Isn’t it interesting that Jesus and the twelve were financially supported, at least in part, by women of some means (8:2-3)? It would certainly seem likely that Joanna, for example, the wife (or perhaps the widow) of a steward of Herod Antipas, was likely a woman of wealth and influence. Isn’t it also interesting that one who multiplied food for thousands of others subsisted on the generosity of creatures He had created? Unfathomable humility!
Jesus’ ministry is still supported by individual donations from people who follow and love Him. People who believe in Him naturally want to support His on-going work with their finances.
We’ve already read the parable of the sower in both Matthew and Mark’s Gospels. Luke, however, includes one little significant phrase by Jesus. Speaking of the person who represents the “good ground,” Jesus said that person has an “honest and good heart” (8:15). Isn’t that true? The condition of the heart determines if people will repent and follow Jesus. We should never hesitate to share the gospel, however, just because it appears people have hard hearts. I’ve seen people with seemingly very hard shells who wept tears at hearing the gospel. And I’ve seen others, who initially appeared very soft and kind, vehemently resist the truth. The gospel reveals what is in a person’s heart.
Tragically, but justly, those who shut their ears to the truth are judged by God, who is not one to cast His pearls before swine. In some manner “even what they think they have shall be taken from them” (8:18), which is just as ominous as it is vague. Yet to those who open their ears, He gives more understanding (8:18). That’s you!
How can we tell when people have truly received God’s Word? They “bear fruit” and keep on bearing fruit (8:15). Jesus’ true family members are those “who hear the word of God and do it” (8:21).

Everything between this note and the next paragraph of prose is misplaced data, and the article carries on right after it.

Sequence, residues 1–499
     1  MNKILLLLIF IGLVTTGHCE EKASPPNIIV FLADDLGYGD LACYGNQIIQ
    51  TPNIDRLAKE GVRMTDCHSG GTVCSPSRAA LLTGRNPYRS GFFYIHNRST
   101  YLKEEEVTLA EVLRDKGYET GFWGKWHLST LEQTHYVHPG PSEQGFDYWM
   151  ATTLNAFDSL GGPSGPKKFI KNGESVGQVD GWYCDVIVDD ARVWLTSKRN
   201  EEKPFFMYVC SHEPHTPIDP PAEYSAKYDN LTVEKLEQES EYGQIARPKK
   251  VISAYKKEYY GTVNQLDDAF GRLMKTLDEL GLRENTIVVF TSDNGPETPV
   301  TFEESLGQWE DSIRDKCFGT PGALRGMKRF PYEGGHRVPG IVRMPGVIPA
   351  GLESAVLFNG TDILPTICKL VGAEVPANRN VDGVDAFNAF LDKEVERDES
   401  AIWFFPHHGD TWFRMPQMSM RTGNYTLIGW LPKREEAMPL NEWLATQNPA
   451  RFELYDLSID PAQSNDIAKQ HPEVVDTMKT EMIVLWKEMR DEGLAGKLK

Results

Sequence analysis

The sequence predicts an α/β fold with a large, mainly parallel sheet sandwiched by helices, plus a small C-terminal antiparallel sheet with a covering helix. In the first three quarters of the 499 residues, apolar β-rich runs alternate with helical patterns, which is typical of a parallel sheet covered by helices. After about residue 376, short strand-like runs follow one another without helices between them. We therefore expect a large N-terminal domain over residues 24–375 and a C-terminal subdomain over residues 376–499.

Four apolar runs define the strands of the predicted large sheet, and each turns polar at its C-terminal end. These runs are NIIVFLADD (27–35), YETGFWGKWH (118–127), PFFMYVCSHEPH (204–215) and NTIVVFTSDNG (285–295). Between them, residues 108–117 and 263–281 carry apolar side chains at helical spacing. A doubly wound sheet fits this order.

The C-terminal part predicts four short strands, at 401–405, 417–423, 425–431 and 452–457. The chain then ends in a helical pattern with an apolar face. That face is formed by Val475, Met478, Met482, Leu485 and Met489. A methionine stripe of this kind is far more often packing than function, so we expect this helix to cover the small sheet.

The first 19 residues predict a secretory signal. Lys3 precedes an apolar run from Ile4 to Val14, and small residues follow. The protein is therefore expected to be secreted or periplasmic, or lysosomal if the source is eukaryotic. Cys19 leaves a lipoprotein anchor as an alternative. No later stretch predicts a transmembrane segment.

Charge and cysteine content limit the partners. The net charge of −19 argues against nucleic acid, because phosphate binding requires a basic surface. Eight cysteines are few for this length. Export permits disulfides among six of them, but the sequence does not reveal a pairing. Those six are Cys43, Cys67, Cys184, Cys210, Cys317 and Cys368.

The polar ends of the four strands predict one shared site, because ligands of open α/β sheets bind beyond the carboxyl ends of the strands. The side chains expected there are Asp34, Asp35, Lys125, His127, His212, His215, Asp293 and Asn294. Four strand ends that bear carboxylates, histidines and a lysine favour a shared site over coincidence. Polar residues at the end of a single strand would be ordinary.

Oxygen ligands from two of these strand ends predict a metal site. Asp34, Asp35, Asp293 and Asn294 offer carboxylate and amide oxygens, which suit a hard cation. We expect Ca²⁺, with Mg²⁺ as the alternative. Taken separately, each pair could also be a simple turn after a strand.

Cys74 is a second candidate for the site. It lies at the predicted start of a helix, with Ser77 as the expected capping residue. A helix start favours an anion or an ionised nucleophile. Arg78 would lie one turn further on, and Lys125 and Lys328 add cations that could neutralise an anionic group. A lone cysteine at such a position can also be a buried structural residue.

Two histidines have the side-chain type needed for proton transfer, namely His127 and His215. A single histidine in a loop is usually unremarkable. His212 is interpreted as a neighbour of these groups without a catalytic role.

Apparently, Jesus was the only one who fell asleep while He and His disciples were crossing the Sea of Galilee. This shows us that, although He was divine, He was also human. If He stayed up late at night praying, He had to take a nap the next day. And if Jesus took naps, then naps are scriptural! Every siesta isn’t a sign of laziness. Rather, naps can be an indication of faith, especially when you sleep through a storm. Worry is definitely the enemy of sleep. Jesus was apparently free from anxiety, because He was sleeping through a “fierce gale” (8:23) until awakened by His disciples, whom He subsequently questioned, asking, “Where is your faith?” (8:25). He had told them, “Let us go over to the other side of the lake” (8:22). In His opinion, they had no reason to be afraid that they weren’t going to make it. It is good to remember that “Fear not!” is a commandment found often in the Bible, not a suggestion!
The demons who possessed the madman of the Gerasenes knew they were completely at the mercy of Jesus, as illustrated by their plea not to be sent out of the country (Mark 5:10), their entreaty to be permitted to enter the nearby herd of pigs (8:32), their begging not to be cast into “the abyss” (8:31), and their imploring Christ not to torment them (8:28). God always has been and always will be sovereign over Satan. Don’t be afraid of the devil or demons. They are terrified of Christ in you.
Today’s reading certainly emphasizes the importance of faith. Not only did Jesus rebuke His disciples for their lack of faith as they crossed the Sea of Galilee, but faith is credited as the reason that Jairus’ daughter and the woman with the issue of blood were healed.
Of those three instances that had something to do with faith, two ended in miracles because faith was exercised, and one ended in a rebuke because faith was not exercised (that is until Jesus exercised His faith and rebuked the wind and the waves). Might there be a hidden lesson here?